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and animal feed industries.

Food Safety and Processing Perspective

Terrence O’Keefe, WATT’s content director, provides his perspective on everything from animal agriculture trends that impact our food chain to food-safety related issues affecting chicken and egg production. O’Keefe has covered the poultry industry as an editor for more than a decade and also brings his experience in plant management and poultry production to comment on today’s issues.
Chicken Marketing Summit News / North America / Business & Markets

US retail annual shell egg sales surge to $5.2 billion

egg cartons
U.S. retail shell egg sales increased in value by 13.2 percent for the 12 months ending June 2, 2018. | Terrence O’Keefe

Increased price accounts for most of the increased value of retail eggs sales, but unit sales of eggs also increased by 1.3 percent.

July 25, 2018

Consumer demand for eggs in the U.S. isn’t likely to decline anytime soon, at least not according to the Nielsen Homescan Panel survey conducted in April 2017. Meagan Nelson, associate director of the fresh growth and strategy team for the Nielsen Company, told the audience at the Chicken Marketing Summit, July 22-24, 2018, in Orlando, Florida, that of the U.S. consumers surveyed, only 5 percent reported an intention to buy fewer eggs in the future. Fourteen percent said they planned to buy more eggs in the future, while 78 percent said their future egg purchases wouldn’t change. Consumers don’t always act on their self-reported purchase intentions, but these survey results are still good news for egg producers.

Nelson also reported that for the 52 weeks ending June 2, 2018, U.S. retail shell egg sales increased by 1.3 percent in volume and 13.2 percent in value to US$5.2 billion. In the same time period, the retail sales of food items with egg as an ingredient increased in volume by 0.2 percent and in value by 1.6 percent to US$27.3 billion.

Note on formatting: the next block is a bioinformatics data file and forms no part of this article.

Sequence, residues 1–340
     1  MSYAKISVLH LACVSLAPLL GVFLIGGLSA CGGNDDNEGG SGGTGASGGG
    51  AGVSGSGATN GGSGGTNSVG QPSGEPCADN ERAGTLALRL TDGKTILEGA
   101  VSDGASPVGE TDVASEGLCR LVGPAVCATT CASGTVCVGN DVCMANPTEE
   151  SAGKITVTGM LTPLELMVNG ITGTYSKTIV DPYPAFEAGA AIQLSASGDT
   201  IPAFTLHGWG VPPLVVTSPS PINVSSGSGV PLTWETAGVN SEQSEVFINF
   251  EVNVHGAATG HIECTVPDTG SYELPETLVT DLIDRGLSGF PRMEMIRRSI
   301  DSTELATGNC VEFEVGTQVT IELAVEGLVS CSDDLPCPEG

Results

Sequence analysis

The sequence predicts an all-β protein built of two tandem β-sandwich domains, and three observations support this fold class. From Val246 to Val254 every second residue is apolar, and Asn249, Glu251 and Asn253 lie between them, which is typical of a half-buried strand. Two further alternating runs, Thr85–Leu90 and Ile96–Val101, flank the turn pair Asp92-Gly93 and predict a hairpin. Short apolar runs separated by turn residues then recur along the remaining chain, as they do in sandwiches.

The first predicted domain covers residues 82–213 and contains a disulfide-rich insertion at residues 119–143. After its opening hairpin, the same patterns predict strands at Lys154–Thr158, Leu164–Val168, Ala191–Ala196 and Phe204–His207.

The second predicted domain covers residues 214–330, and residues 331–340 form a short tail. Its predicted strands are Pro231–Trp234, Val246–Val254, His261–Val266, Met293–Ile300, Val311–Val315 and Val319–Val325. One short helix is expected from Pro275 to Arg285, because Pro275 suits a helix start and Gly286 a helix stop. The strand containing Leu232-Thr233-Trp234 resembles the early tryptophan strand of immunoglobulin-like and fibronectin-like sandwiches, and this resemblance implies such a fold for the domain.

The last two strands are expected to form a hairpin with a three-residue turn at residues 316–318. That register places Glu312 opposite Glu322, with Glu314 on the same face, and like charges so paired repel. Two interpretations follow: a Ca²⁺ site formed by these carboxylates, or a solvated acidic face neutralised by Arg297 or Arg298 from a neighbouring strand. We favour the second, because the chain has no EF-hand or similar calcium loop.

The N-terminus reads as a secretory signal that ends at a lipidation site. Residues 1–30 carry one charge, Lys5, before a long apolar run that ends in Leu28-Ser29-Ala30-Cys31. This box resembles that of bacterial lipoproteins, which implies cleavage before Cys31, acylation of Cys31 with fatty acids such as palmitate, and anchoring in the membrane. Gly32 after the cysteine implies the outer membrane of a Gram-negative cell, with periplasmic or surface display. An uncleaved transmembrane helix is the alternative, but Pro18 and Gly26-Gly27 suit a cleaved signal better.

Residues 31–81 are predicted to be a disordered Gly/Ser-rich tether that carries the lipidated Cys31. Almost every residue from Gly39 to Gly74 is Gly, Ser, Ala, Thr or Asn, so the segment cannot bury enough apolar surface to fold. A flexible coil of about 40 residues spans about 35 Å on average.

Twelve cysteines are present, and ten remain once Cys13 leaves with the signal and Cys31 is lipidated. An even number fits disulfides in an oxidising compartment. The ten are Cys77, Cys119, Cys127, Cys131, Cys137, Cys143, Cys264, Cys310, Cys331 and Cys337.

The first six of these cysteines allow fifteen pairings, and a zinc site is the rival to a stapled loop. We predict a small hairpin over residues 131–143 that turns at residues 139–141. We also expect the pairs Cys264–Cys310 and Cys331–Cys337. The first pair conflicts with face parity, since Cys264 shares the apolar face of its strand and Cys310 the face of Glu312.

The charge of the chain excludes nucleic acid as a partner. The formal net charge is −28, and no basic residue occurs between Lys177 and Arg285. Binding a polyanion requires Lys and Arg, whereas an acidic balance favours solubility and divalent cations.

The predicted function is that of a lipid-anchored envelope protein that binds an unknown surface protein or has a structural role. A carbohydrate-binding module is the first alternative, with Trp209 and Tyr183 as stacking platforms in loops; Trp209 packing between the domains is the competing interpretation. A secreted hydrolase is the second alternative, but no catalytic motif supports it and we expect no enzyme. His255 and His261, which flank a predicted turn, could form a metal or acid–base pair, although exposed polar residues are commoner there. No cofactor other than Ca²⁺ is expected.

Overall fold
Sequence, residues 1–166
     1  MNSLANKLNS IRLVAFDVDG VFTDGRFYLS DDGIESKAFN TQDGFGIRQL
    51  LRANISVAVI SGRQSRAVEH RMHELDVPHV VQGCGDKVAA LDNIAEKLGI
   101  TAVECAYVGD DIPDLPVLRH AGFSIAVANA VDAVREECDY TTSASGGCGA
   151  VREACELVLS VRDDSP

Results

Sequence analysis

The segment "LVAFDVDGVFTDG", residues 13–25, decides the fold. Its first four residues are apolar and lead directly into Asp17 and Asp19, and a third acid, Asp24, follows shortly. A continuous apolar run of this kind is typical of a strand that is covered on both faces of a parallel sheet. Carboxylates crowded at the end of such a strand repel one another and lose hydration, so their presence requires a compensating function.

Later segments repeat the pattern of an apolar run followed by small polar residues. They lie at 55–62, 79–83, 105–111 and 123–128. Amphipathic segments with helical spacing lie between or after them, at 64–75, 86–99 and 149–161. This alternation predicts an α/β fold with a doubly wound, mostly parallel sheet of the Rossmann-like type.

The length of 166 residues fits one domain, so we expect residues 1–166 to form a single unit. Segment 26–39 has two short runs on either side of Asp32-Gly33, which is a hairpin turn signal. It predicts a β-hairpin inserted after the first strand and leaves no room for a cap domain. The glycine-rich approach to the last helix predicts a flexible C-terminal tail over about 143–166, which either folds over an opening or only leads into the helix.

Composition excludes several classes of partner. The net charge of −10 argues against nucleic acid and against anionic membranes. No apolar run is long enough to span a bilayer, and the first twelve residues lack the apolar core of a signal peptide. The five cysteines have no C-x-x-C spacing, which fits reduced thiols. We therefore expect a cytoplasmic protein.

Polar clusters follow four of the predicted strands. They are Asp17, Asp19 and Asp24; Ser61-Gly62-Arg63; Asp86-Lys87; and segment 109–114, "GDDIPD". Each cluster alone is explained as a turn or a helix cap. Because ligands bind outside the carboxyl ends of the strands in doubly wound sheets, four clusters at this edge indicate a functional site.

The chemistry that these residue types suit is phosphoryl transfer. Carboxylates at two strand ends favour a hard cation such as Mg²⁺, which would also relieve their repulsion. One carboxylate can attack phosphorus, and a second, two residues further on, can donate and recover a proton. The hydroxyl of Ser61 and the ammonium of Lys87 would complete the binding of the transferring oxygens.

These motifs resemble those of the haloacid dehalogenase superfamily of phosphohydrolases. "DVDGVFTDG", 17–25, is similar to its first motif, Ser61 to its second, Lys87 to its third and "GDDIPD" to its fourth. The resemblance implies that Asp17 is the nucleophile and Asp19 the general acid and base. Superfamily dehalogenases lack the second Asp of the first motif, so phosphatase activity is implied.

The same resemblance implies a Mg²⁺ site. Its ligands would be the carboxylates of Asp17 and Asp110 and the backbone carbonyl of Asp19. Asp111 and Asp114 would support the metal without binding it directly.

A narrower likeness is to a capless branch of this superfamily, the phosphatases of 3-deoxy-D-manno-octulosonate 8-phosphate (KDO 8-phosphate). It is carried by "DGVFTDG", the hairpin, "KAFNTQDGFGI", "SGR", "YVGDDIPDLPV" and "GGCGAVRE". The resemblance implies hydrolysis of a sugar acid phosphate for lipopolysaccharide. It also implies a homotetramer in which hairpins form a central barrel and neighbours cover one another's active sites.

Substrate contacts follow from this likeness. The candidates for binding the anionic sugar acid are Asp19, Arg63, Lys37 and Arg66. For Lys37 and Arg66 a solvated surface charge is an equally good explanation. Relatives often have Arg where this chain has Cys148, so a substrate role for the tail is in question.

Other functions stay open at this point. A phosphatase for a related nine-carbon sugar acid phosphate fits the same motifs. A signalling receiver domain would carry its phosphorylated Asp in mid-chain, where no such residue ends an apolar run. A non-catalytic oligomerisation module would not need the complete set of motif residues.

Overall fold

In other presentations at the Chicken Marketing Summit, which is produced by WATT Global Media, poultry marketers, retailers, food service outlets and processors all stressed the increased importance to consumers of transparency about how food is produced. While not every consumer insists on knowing the where, when and how about the food items they purchase, enough do to make this information an important part of every poultry company’s marketing program.

One theme that was repeated often by the speakers was that poultry marketers can no longer stay silent on how their products are produced, doing so only lets non-governmental organizations and activists fill the information void.

Join us in 2019

The 2018 Chicken Marketing Summit was hosted July 22-24 at the Four Seasons Resort Orlando at Walt Disney World. Included in the record attendance at the 2018 Summit were attendees from 11 countries. The 2019 Chicken Marketing Summit will be held July 21-23, 2019, at the Belmond Charleston Place Hotel in Charleston, South Carolina.